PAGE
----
Miles Franklin, August 27th, 2021
In life, we encounter moments in which something that we know intellectually becomes something that we know in a much more personal, even visceral, manner. In many instances, this experience of transforming passive knowledge into that which is known in every fiber of one’s being can be positive, as when one experiences romantic love for the first time. Equally true, however, is the fact that these transformative experiences can occur as a result of a negative experience, the kind of experience which shakes your confidence and can even result in physical illness for a period of time.
For example, until just a few days ago, I knew, intellectually, that jewelry quite often functions as a sort of second skin, a protective barrier between one and the outside world, a barrier which has the additional edge of being beautiful and desirable, but a functional one nonetheless. Of course, as a prolific and avid jewelry wearer, I’ve had moments in which I’ve realized the watchful role my jewelry plays (as when a friend once began psychoanalyzing me over dinner, then began to comment on how much I play with my jewelry when I’m uncomfortable), and I’ve even consciously commented on the matter in a previous interview with MODA Chicago.
(http://www.modachicago.org/blog/2019/10/9/quad-style-miles-harrison?rq=miles%20harrison). My understanding of jewels as protective objects or even as objects which attract good fortune rests on the knowledge that jewelry has, since the beginning of human history, been worn for talismanic and protective purposes, and humans seem to have an intuitive understanding that these practically useless adornments are affixed to boundless metaphysical meanings (for more on this, I direct you to: https://www.nationaljeweler.com/articles/1013-a-look-at-protective-jewelry-through-the-ages). On this point, my colleague Christian Noojin from Sotheby’s Jewels had this to say:
Wearing jewelry to catch the vibe is nothing new. In fact we are repeating the actions of our ancestors. For thousands of years, humans have worn jewelry for protection. Whether for battle or for protection from bad luck, this tradition spans cultures and generations.
If you have studied crystals, you may know that in general, different colors are assigned to different chakras: blue for throat, green for heart, yellow/orange for solar plexus. Wearing a sodalite on the throat may help you communicate calmly and clearly. A malachite on the chest near your heart may soothe emotional woes, and encourage healing. I must express though, there is no right way to wear any particular stone.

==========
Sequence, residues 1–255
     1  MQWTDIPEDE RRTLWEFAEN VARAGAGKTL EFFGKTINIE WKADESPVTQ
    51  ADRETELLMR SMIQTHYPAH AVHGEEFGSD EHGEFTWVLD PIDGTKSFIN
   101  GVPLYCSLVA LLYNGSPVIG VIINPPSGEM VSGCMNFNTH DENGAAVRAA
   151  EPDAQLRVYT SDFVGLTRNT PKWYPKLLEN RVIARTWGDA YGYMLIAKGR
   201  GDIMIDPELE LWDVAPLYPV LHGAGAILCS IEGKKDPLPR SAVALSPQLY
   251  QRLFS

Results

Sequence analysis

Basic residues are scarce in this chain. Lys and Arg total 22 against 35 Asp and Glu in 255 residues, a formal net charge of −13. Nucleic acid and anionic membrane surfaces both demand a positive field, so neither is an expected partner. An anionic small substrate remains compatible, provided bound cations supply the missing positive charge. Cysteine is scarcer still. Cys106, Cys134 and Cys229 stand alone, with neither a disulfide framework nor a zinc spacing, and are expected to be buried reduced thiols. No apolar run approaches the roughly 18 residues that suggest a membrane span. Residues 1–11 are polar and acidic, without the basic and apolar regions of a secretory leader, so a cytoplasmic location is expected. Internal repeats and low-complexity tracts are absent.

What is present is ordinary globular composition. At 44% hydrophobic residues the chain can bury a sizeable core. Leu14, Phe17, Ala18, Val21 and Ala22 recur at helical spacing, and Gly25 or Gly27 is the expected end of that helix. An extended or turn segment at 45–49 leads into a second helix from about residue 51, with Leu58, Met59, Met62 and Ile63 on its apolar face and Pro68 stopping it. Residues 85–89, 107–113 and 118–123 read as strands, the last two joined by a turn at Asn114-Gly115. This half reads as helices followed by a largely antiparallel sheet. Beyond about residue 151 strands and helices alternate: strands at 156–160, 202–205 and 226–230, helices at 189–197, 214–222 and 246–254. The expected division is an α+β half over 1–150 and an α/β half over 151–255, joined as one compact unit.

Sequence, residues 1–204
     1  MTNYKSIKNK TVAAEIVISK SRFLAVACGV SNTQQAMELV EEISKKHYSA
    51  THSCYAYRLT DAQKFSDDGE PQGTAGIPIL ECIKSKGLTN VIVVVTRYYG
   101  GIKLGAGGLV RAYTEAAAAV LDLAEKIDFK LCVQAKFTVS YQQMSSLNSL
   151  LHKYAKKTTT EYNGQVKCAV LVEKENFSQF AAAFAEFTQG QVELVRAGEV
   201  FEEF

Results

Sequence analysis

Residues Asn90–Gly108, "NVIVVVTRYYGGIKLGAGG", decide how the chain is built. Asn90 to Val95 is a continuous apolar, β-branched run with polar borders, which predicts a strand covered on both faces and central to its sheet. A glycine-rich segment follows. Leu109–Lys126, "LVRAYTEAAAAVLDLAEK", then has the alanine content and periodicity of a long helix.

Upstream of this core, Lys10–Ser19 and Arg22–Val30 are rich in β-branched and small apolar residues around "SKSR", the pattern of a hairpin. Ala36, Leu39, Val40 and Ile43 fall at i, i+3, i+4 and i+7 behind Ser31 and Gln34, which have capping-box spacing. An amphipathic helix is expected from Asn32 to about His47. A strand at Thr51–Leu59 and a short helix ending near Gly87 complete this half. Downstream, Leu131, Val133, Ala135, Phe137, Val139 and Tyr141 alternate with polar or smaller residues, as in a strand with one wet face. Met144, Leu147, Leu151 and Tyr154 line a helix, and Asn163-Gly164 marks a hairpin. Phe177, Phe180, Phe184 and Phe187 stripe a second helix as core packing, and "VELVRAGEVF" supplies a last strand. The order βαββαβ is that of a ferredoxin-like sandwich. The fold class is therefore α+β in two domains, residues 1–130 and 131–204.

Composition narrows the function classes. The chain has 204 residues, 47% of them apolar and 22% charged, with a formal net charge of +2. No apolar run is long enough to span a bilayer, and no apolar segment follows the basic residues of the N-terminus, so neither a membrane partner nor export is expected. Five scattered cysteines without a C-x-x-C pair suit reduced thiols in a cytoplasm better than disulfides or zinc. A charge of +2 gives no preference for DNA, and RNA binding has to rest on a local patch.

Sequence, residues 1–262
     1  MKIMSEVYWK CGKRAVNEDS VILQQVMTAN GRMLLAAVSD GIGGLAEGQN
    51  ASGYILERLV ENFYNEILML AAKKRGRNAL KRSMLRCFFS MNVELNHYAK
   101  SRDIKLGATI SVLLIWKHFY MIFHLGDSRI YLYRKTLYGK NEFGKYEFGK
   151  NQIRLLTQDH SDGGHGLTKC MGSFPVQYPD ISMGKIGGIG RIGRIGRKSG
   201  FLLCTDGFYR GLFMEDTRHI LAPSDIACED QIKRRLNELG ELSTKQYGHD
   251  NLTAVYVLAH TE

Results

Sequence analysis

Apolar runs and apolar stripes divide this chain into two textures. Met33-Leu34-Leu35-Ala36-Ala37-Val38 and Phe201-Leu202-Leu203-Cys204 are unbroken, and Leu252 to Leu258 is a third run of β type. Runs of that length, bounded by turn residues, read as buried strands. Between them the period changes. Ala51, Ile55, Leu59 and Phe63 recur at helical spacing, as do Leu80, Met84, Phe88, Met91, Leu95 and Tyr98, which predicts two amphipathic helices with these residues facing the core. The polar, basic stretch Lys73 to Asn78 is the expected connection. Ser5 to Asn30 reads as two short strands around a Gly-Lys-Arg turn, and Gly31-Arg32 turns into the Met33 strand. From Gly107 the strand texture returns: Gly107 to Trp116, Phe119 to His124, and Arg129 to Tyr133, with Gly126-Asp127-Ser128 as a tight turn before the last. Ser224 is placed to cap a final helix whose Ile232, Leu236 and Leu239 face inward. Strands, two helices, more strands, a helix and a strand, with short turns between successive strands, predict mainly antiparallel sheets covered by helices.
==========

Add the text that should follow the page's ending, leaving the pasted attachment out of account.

A rule of thumb is to wear what feels good. If you are drawn to a green tourmaline necklace that sits right on your throat, it may be a call to speak your heart. If a citrine piece feels right on an earring, your solar plexus may want more influence on your ego.
My tip for people who are beginning their metaphysical journey with jewelry and stones: start with one item. Really learn the energy of the piece, ie. can you feel the vibration of the maker in a handmade piece? Did the previous owner leave their energy in this piece? (Should I sage it?) Do I harness my highest vibrations when I wear this?
From this stage, add on pieces little by little. Before you know it, you will have a whole tool belt of talismans and jewelry for personal growth and maintenance.
The romantic armchair conception of jewels as amulets is a heady thing worthy of one’s Gamay induced contemplation, but this idea became all too real for me in a split second on my recent trip to Florida.
Here, a Van Cleef & Arpels gold and carnelian Vintage Alhambra bracelet, Cartier Love bracelet, and a Cartier gold, mother-of-pearl, and Lapis Lazuli pendant conjure a vision of noble defense and impenetrability.
Each time I make my annual trip to Florida to see my father’s side of the family, I not-so-carefully throw on as much jewelry as is humanly possible because I know that I will need a buffer between me and the homophobic, racist, sexist, and proudly politically incorrect world of the southern United States. Between dinners where sexist sentiments are levied directly at my younger female cousins, the unabashed, simultaneously angry and aroused stares of drunk white homophobic men, and comments from anyone and everyone about the shape, size, and weight of my body, I have boundless occasions to lose my fingers nervously in long necklaces, mountains of bracelets, and fists full of rings.
A Hammerman Brothers diamond bracelet of over 42 carats of diamonds functions as chainmail.